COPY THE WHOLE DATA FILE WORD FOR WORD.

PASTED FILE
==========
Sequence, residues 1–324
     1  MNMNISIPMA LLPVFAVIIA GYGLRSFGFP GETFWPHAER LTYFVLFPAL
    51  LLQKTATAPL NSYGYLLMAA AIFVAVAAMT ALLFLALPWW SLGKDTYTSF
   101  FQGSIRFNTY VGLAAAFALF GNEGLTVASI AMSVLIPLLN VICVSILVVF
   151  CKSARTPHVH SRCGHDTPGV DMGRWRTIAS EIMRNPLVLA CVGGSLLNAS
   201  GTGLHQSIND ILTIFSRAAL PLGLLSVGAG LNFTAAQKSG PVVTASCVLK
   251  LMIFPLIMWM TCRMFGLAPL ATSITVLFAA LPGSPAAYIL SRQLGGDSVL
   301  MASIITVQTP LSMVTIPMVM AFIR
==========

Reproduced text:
Sequence, residues 1–324
     1  MNMNISIPMA LLPVFAVIIA GYGLRSFGFP GETFWPHAER LTYFVLFPAL
    51  LLQKTATAPL NSYGYLLMAA AIFVAVAAMT ALLFLALPWW SLGKDTYTSF
   101  FQGSIRFNTY VGLAAAFALF GNEGLTVASI AMSVLIPLLN VICVSILVVF
   151  CKSARTPHVH SRCGHDTPGV DMGRWRTIAS EIMRNPLVLA CVGGSLLNAS
   201  GTGLHQSIND ILTIFSRAAL PLGLLSVGAG LNFTAAQKSG PVVTASCVLK
   251  LMIFPLIMWM TCRMFGLAPL ATSITVLFAA LPGSPAAYIL SRQLGGDSVL
   301  MASIITVQTP LSMVTIPMVM AFIR